Caixin
Jun 16, 2016 02:52 PM

Hearts Sink as Fishing Boat Fatalities Mount

(Zhoushan) – Events that preceded the sinking of fishing boat 11307, apparently with the loss of all hands, are shrouded in mystery as thick as the fog that frequently blankets the Zhoushan coast.

Equally mysterious, at least in the eyes of some in the fishing industry and relatives of the 18 crew members missing since the 11307 sank May 12, are safety oversight gaps that some say contribute to high fatality rates for sea and coastal fishermen in China.

The 11307 was one of four, Zhoushan-area fishing boats that reportedly sank within a week in early May. Each may have collided with another vessel off the coast of eastern Zhejiang Province and-or Shanghai, according to media reports.

Fishermen were among the 74 people who died or were reported missing in connection with 69 coastal shipping accidents – many of which involved two-vessel collisions – tallied between January and April, according to the central government's Ministry of Transport. A separate Caixin tally, based on media reports, concluded 14 fishing boats sank nationwide in May, including the 11307, leaving at least three people dead and 71 missing.

And a significant number of sinkings and fishing crew fatalities apparently never reach the media or official record books.

Sun Yingshi, a former secretary-general of a trade group called the China Fishery Mutual Insurance Association, said government statistics often overlook deadly incidents involving the 90 percent of China's estimated 2 million fishermen who work without insurance coverage.

In an interview with Caixin, Sun said according to his estimates about 2,607 fishermen working on licensed vessels die on the job every year. No one knows the death toll for those employed on unlicensed boats.

The insurance association's latest figures, based on life insurance company payouts to policy holders, indicate an average 210 per 100,000 fishermen in China were killed in the line of duty or went missing between 1994 and 2003. The international average is 80 per 100,000 fishermen, according to the United Nations.

And according to Zhang Zhuli, director of Shanghai-based research agency Fisheries Machine and Instrument Supervision Center, at least eight fishermen lose their lives and 25 are injured in shipping incidents every day in China.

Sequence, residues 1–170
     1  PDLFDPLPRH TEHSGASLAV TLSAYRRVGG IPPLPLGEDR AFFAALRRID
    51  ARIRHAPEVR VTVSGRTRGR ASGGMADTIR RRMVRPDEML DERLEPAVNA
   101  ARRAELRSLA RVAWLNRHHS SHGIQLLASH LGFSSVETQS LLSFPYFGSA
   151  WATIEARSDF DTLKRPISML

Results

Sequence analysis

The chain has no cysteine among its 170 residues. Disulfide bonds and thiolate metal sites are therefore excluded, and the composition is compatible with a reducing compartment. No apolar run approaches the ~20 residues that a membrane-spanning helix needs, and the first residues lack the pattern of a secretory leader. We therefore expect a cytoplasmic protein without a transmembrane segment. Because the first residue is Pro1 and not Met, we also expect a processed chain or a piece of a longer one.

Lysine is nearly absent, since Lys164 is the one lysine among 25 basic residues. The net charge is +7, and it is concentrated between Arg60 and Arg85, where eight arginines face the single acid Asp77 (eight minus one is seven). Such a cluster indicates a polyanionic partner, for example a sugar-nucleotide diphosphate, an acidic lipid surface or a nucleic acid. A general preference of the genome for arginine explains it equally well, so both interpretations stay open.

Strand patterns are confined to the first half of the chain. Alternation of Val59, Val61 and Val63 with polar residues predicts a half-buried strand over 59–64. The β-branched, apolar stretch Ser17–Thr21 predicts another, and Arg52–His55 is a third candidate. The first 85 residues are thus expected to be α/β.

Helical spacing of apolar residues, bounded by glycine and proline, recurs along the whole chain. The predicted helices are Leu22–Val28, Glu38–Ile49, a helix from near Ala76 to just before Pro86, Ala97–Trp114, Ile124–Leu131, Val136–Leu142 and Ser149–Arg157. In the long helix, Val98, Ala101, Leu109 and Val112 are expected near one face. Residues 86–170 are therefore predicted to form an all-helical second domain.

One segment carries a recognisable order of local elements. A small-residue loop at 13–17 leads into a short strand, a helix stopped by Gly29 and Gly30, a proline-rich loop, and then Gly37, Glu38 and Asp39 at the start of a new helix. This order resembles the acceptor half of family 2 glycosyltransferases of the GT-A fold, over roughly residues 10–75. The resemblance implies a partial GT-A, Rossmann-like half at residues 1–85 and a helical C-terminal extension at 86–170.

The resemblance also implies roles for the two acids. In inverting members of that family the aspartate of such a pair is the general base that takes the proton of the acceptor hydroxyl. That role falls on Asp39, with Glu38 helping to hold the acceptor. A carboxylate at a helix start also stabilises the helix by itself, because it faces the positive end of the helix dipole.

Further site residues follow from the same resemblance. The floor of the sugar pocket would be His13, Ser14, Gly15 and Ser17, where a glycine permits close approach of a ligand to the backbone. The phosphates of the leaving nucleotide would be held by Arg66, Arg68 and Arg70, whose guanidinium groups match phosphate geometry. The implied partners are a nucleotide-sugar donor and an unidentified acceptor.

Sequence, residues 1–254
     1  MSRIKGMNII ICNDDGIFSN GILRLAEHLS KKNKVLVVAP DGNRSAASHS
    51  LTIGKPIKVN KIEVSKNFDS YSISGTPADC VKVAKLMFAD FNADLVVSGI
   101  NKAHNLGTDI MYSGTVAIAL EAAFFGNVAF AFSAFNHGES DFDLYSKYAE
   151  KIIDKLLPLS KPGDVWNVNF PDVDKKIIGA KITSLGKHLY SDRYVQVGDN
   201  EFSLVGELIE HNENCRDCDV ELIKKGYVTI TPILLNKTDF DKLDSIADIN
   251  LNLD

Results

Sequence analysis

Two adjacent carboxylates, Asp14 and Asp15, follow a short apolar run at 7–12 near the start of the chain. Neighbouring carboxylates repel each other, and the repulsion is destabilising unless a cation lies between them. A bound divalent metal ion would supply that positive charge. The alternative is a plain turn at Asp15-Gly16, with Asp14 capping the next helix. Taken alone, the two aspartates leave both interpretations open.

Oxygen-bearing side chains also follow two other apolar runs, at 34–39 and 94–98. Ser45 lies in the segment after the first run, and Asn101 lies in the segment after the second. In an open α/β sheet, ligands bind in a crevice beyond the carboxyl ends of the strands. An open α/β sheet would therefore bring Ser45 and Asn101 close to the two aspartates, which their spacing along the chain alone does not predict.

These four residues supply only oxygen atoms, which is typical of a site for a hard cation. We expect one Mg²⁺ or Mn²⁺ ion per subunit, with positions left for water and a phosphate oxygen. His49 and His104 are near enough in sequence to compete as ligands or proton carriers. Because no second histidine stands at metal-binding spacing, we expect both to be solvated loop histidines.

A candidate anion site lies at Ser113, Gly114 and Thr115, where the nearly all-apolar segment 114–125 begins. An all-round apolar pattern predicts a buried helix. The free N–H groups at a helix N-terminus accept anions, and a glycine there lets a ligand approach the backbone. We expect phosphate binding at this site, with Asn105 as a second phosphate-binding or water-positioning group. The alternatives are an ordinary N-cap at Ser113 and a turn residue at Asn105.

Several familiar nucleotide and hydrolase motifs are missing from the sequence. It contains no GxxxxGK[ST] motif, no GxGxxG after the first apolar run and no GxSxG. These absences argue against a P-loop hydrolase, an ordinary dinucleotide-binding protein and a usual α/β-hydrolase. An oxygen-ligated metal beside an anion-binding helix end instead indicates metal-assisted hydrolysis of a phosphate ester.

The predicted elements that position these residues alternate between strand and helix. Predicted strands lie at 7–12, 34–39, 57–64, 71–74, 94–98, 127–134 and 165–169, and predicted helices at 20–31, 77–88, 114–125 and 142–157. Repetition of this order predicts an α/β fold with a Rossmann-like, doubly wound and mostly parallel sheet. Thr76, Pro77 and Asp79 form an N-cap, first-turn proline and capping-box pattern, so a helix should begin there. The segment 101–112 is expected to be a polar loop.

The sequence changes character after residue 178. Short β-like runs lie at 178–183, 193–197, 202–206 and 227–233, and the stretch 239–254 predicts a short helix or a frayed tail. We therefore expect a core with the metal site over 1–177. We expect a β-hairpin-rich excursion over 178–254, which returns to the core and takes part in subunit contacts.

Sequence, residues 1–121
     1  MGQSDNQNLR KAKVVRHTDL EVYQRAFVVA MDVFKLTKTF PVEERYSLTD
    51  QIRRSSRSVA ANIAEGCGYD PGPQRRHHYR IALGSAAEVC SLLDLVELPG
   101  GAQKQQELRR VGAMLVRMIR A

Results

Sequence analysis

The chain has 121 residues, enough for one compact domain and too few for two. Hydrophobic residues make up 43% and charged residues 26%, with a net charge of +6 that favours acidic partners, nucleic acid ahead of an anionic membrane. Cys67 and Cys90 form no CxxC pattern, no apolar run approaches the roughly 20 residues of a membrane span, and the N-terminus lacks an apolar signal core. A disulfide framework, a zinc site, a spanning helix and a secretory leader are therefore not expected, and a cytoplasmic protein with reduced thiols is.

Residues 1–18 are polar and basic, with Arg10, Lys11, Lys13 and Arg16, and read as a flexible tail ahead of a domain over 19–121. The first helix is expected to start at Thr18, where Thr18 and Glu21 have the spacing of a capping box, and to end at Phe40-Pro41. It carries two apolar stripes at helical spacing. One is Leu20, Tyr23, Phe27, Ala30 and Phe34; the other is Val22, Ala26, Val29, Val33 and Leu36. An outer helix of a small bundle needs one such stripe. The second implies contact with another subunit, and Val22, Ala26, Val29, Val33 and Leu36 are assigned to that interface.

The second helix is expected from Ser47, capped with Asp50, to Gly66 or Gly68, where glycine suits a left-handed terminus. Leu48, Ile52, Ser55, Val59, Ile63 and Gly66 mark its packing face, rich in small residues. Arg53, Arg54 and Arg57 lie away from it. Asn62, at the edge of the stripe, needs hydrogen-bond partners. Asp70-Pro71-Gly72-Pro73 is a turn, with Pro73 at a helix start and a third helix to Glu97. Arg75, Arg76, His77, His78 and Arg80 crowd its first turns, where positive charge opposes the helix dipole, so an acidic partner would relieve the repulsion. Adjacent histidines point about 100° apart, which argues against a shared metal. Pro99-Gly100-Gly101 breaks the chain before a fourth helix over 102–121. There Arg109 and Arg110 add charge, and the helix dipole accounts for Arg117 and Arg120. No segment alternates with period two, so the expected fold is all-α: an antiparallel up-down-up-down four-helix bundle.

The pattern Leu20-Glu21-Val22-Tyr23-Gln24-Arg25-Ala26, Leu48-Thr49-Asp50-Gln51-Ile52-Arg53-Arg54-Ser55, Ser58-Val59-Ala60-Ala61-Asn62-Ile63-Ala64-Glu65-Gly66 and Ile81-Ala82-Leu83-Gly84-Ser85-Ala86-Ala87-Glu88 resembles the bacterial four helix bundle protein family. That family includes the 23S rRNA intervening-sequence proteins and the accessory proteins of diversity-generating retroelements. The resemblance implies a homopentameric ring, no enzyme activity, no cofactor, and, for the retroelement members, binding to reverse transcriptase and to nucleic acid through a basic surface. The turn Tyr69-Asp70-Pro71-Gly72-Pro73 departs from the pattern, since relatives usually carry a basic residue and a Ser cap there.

The fishing industry's government supervisors have been criticized for a lack of a cohesive oversight mechanism, which in turn factors into gaps in safety regulation that leaves fishing boat crews vulnerable to accidents and death.

A Zhoushan government maritime agency official who asked not to be named told Caixin that fishing sector supervision stands divided, with Ministry of Transport agencies in charge of some tasks and fishing industry regulators at the Ministry of Agriculture and the Ministry of Land and Resources' State Oceanic Administration handling others.

Transport ministry departments oversee maritime traffic safety, while the agriculture and oceanic agencies are responsible for fishing boat licensing and management. These central government agencies also work alongside provincial and local government counterparts.

Government agencies are supposed to work together to provide support and handle investigations after a fishing boat gets into trouble, collides with another vessel, or sinks, said the Zhoushan official. But these agencies do not always cooperate with each another.

Moreover, the extent of fishing industry safety problems is unclear since the government does not track all fishermen fatalities nor every boat in the nation's huge fishing vessel fleet which, according to the United Nations, includes one-fourth of the world's fishing boats.

Sun said the Chinese government's ongoing effort to improve workplace safety across the country has long overlooked the fishing industry. As a result, fishermen labor on vessels that lack adequate safety equipment and without the kind of training that in an emergency could save lives.